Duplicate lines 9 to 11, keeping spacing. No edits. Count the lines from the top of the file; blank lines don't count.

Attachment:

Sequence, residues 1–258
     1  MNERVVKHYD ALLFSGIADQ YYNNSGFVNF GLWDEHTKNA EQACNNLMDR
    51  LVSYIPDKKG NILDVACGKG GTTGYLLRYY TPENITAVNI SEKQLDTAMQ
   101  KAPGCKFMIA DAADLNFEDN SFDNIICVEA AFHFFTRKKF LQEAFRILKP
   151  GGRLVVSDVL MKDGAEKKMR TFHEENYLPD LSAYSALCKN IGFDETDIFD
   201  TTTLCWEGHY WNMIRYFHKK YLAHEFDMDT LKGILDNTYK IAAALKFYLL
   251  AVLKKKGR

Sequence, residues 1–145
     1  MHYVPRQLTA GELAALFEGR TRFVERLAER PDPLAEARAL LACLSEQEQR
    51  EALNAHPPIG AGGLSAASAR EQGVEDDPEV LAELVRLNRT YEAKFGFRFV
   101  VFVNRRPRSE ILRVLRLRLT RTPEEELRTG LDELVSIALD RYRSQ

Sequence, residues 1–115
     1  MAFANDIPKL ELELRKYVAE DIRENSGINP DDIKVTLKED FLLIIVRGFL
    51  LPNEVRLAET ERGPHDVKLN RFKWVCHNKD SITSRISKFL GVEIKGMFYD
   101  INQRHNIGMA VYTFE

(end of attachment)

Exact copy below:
     1  MHYVPRQLTA GELAALFEGR TRFVERLAER PDPLAEARAL LACLSEQEQR
    51  EALNAHPPIG AGGLSAASAR EQGVEDDPEV LAELVRLNRT YEAKFGFRFV
   101  VFVNRRPRSE ILRVLRLRLT RTPEEELRTG LDELVSIALD RYRSQ